8. are we debating whether or not rape is funny or if it has any place in entertainment? I think those are two very different topics.

    I don't think rape is funny because it's taboo. in fact, I think the whole premise that mr. bitter and mr. stryker have founded on what constitutes as funny is faulty.

    taboo has never made anything funny. just ask the 10,000 college guys out there right this second who are making rape jokes, or go to any amatuer improv night to see another edgy troupe that once again ends a sketch with rape, or racism, or child molestation.

    knowing the topic isn't enough, one still has to be able to come up with a take on it, build the joke, then surprise the audience with the punchline - and the punchline can't just be "rape" or "violence". Marvin's head being blown off was sort of a punchline in pulp fiction - it caught the audience by surprise, but it was more of a set up for the characters to try to out-casual each other in the aftermath, each person trying his best to be cool with the headless corpse, and trying to deal with the clean up as suavely as possible, but whatever.

    Louis CK's rape jokes are very funny. He comes from a very human place and plays with people's fascination with the awful and the taboo. He knows taboo alone isn't funny, that's hacky, that's Carlos Mencia stuff - Louie delves into the topic, pretends that he's above it, then doubles right back at the audience right here:

    same thing with slurs - he understands people's fascination with it. he didn't just make a gay joke, he speaks of his fascination with the word "faggot" and what makes him want to say it. other words, he's honest about his own reaction to taboo and isn't trying to manipulate it for cheap laughs, which, incidentally, makes him much funnier:

  9. nmegan - a terrific and insightful response. I think you make a lot of great points. Thanks for commenting so much this week.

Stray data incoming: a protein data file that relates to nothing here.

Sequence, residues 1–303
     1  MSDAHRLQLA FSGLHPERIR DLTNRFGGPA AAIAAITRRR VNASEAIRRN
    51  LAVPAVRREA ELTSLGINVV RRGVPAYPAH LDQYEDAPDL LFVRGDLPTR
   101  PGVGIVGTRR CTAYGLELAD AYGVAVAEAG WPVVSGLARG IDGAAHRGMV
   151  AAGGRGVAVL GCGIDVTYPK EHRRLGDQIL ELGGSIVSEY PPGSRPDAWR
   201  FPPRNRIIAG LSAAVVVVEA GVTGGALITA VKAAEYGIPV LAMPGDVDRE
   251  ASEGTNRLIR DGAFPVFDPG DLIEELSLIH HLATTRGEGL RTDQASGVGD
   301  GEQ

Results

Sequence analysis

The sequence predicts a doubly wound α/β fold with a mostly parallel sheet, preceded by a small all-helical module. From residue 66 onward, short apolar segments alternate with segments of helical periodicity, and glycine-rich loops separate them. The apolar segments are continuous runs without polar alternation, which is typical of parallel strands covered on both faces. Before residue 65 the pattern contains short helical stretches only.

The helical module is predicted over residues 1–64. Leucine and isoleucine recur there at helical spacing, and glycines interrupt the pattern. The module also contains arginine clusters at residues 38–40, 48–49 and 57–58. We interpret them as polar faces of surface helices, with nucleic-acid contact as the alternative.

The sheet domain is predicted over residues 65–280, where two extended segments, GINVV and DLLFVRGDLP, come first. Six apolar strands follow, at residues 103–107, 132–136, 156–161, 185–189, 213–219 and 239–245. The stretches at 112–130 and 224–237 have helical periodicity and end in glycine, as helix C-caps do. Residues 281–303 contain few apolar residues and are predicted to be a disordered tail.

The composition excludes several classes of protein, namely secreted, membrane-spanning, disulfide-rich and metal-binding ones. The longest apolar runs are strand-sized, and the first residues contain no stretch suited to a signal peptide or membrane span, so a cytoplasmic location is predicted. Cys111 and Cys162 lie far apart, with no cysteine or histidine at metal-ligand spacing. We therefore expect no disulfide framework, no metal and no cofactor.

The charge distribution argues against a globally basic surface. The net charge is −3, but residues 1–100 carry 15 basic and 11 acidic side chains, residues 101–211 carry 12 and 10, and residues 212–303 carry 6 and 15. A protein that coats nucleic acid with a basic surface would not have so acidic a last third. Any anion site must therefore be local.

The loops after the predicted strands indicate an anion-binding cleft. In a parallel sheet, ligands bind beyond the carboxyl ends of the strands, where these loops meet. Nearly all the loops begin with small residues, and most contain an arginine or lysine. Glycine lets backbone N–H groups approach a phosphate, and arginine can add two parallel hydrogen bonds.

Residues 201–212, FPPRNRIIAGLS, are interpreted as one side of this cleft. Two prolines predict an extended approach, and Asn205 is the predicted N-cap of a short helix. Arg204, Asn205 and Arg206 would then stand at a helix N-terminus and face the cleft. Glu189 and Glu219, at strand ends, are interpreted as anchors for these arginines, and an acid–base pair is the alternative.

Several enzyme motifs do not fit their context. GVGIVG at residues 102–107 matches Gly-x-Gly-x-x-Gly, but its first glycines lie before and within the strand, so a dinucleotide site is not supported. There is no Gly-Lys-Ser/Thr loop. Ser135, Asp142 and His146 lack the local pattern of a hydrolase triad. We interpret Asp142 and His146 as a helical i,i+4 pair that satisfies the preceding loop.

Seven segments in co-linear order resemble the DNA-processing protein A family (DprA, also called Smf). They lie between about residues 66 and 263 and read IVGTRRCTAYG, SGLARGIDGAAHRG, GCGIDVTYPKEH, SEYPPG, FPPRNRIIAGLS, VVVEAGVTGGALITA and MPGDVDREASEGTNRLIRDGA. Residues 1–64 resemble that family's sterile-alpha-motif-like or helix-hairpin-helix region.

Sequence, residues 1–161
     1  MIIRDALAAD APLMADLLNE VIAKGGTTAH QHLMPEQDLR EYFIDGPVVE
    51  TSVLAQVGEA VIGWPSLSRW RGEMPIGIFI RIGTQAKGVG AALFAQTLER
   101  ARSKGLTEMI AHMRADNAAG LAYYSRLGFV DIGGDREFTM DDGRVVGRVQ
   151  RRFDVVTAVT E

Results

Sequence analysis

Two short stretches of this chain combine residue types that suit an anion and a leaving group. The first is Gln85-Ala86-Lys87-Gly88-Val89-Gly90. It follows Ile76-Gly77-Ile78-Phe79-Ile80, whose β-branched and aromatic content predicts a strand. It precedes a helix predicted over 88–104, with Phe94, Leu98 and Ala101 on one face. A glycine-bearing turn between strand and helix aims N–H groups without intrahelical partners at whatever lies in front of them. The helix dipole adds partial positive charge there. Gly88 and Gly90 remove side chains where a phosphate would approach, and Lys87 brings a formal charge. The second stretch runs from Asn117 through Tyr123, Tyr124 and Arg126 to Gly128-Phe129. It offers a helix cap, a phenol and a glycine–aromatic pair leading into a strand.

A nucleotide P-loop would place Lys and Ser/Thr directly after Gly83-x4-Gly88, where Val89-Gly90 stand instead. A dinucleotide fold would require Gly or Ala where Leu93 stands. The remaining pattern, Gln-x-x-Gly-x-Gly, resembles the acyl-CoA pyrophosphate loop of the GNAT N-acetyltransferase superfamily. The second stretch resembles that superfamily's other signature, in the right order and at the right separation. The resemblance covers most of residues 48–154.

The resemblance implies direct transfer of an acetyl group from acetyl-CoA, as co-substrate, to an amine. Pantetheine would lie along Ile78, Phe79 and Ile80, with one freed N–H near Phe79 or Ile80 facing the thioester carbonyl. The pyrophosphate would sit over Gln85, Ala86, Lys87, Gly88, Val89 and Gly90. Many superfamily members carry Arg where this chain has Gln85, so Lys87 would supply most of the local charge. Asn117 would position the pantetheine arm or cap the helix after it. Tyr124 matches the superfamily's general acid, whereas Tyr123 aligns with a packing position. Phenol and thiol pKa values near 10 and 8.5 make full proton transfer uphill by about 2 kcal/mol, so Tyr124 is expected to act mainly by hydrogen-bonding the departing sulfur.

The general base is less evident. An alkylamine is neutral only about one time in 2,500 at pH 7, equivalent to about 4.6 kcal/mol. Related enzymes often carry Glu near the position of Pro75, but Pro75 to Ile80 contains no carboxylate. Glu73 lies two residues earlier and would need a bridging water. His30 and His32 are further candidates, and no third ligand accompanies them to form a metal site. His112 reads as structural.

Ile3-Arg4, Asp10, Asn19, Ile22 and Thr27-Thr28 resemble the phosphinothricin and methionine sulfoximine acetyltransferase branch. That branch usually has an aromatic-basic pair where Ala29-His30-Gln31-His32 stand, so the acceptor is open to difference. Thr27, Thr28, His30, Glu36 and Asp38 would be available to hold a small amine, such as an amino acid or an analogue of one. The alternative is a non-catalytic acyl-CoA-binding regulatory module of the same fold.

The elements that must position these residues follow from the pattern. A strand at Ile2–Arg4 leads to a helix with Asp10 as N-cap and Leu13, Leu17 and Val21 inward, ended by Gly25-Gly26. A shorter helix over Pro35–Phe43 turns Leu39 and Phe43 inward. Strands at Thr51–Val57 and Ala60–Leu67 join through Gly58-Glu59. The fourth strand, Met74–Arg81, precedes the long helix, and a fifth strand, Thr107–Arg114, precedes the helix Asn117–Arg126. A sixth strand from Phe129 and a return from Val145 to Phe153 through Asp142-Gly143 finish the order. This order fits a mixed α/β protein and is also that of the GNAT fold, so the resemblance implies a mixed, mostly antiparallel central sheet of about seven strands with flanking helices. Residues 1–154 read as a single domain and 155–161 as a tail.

pete - You raise some interesting points and I really like what you add to the discussion.

    And Julie, I realize I kind of overlooked your response when I posted last time. You raise some good points too, and I wish I had a better response than thanks, but that was a really awesome reply.

    Mostly, I'm just very grateful that such mature people read my blog that we can have an intelligent discussion like this without having to worry about it being trolled or derailed. I'm very impressed by the level of discourse in here.


  11. Thank you for that post Bitter, you make some interesting points. But you asked women to respond, and here is the reason I disagree (apologies in advance for what I already feel is building up to be a ramble...)

    Most taboos are funny because they are unquestionably ludicrous. As someone pointed out above, Holocaust jokes tend to make the Nazis the butt rather than the Jews, and if you look at it from the right perspective, the idea that all Germany's social and economic problems at the time could be fixed by ridding the world of Jewish people is ridiculous. It's idiotic. It's "what were they smoking when they came up with that bright idea?" And therefore, in the right hands, potentially funny.

    Similarly, Tyler Perry's jokes tend to make fun of the black stereotypes that people once took seriously. Again funny, because racism is pretty universally condemned these days (in mainstream media at any rate, I'm not suggesting it doesn't exist any more in society), so it's funny to explore "remember when we really believed that black people were X Y Z..."

    The straight guy worrying about the prison showers gets to be funny because that homophobic idea that every gay guy - or every guy who doesn't have access to women - is just waiting to jump him specifically, is ridiculous and therefore funny.